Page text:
On the eve of Octopus Choice’s second birthday, Caroline Flagg talks about where inflows are coming from following the launch of its IFISA. She reports that 750 advisers are now using Octopus Choice for themselves and their clients, the comparatively larger size of advised investments, and investor demographics. She then goes into the specific workings of Octopus Choice, how it builds on Octopus Property, an established business providing bridging loans against UK property since 2009, and Octopus’ first lost position.
Belinda Thomas discusses Triple Point’s Advancr Bonds and how these products evolved. She discusses consumer production in terms of underlying security and Triple Point’s responsibilities as an IFISA manager. As an established manager in the tax-efficient space, she talks about pre-existing relationships with advisers and a growing volume of cash transfers.
Intelligent Partnership’s research manager Lisa Best, Blackfinch Investments’ Jerry Price, Deepbridge Capital’s Louise Farley and SimplyBiz’s Gary Kershaw discuss the current landscape for Enterprise Investment Scheme and Business Relief investments. They examine the key adviser considerations in this market including client suitability, manager due diligence and the importance of education to respond to changing risk profiles, particularly in light of the 2017 Autumn Budget.
Julia Groves, partner & head of crowdfunding at Downing LLP, talks about growing uptake of bonds in its Innovative Finance ISA (IFISA) and advisers’ changing attitudes to these investments. She covers terms of investment, diversification, risk and the two kinds of products offered on Downing’s platform: fixed-term debt-based securities and a newer regular access bond. On choice in the market, she discusses how many IFISA-authorised platforms are genuinely adviser-ready and reveals something surprising about average investment size.
Jake Wombwell-Povey, CEO and co-founder of Goji, discusses increasing inflows after the Innovative Finance ISA’s slow start and what percentage are transfers from cash ISAs. In the direct lending space, he discusses the end of the ‘early adopter’ phase for retail investors, Goji’s increasing focus on advisers and the demographic of clients they recommend these investments to. The discussion takes in Goji’s history, status as an aggregator and approach to due diligence on the lenders it works with.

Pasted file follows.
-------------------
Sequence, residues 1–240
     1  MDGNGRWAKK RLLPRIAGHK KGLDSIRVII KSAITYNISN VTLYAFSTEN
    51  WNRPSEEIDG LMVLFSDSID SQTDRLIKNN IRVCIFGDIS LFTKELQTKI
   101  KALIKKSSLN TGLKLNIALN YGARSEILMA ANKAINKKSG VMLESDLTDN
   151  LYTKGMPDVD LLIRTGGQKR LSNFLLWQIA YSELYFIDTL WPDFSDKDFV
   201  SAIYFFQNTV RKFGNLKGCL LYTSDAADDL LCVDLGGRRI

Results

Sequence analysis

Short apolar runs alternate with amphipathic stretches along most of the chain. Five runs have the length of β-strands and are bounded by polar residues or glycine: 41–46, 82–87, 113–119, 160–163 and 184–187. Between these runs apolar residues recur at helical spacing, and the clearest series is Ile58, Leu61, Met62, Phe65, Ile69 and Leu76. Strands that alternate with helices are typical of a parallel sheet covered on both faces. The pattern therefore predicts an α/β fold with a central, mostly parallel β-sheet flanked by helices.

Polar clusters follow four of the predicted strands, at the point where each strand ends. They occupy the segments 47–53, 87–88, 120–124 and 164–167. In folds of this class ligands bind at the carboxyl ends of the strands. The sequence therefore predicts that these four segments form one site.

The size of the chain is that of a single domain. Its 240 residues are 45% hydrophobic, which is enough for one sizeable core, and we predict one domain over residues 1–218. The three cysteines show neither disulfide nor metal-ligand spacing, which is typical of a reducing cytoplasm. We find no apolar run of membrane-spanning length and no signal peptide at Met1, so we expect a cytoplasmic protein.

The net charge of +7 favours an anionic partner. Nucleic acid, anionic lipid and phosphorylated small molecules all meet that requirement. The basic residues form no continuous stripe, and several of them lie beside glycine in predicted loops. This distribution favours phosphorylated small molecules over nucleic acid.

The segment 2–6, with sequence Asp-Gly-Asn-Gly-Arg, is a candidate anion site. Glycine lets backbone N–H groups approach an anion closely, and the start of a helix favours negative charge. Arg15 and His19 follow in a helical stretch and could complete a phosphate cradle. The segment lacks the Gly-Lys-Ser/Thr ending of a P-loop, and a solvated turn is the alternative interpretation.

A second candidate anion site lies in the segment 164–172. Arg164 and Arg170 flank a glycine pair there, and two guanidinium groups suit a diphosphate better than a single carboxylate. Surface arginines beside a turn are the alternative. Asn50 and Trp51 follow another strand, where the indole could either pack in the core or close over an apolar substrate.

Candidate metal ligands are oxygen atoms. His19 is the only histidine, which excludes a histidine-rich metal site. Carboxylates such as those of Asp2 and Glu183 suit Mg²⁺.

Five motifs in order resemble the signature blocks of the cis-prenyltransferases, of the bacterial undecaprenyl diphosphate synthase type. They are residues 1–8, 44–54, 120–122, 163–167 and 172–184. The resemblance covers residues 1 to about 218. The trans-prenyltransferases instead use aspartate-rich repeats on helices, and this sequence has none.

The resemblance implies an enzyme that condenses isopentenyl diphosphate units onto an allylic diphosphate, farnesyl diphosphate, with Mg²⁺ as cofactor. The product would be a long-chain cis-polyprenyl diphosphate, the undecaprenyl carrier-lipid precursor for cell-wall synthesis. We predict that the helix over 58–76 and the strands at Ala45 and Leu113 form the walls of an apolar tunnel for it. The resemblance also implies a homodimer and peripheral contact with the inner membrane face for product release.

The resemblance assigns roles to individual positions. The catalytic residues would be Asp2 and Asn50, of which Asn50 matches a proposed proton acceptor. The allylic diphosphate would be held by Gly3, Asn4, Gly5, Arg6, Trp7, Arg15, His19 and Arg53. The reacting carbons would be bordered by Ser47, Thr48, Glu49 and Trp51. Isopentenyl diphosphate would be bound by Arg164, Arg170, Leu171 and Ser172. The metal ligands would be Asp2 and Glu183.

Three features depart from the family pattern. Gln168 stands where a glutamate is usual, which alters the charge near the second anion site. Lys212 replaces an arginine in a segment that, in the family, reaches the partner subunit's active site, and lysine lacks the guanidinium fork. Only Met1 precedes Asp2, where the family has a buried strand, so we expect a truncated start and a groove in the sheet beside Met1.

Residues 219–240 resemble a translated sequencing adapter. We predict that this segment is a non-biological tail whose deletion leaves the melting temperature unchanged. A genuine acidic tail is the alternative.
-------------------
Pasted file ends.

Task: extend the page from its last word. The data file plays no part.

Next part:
Mike Currie begins by saying that “backing British business has never been more important” in the context of discussing Foresight Group’s generalist VCT, which maintains a technology bias. In his opinion, the quality of opportunities and providers in UK venture capital has never been better. On its new Williams Technology EIS he talks about collaborating with a world class operation and major brand like Williams, and leveraging the UK’s strength in mechanical engineering.
Will Fraser-Allen from Albion Capital discusses its Top Up Offers and their dual positioning as a long-term savings product and investment into growth businesses, true to the spirit of venture capital. He talks about the diversity of their broad portfolio and the gradual move towards tech and businesses services, as opposed to any pivot. He argues Albion’s experience is invaluable in backing the right companies, particularly given 2017/18’s forecast record VCT fundraise.
Laurence Callcut from Downing talks about increased choice in the VCT market and expands on its offering from a cutting-edge healthcare VCT to its Downing ONE VCT, still containing investments dating from 1997. He goes on to discuss EIS, and the ‘direction of travel’ towards tech and innovation, as well as the structures he’d like to see to increase follow-on funding.
Kealan Doyle explains Symvan’s California-style approach to venture capital, saying that Europe is behind the curve but things are changing. In a conversation grounded in the venture capital industry’s shift during the last five years from an asset-backed to growth focus, he talks about Symvan Capital’s life-cycle approach from seed to later-stage funding rounds, why it focuses on B2B tech, its progressive fee structure and the “inventive streak” in the UK.
Gordon Pugh discusses Blackfinch Investments’ Asset Focused EIS and Media EIS Portfolios, including how construction still offers a route to asset-backing and the interesting new area of offshore supply vessels. He talks about the diligence of Blackfinch’s approach to receiving Advanced Assurance from HMRC, sometimes receiving this as quickly as a fortnight, and why ‘capital preservation’ is a misnomer: all investments seek to balance a risk return profile.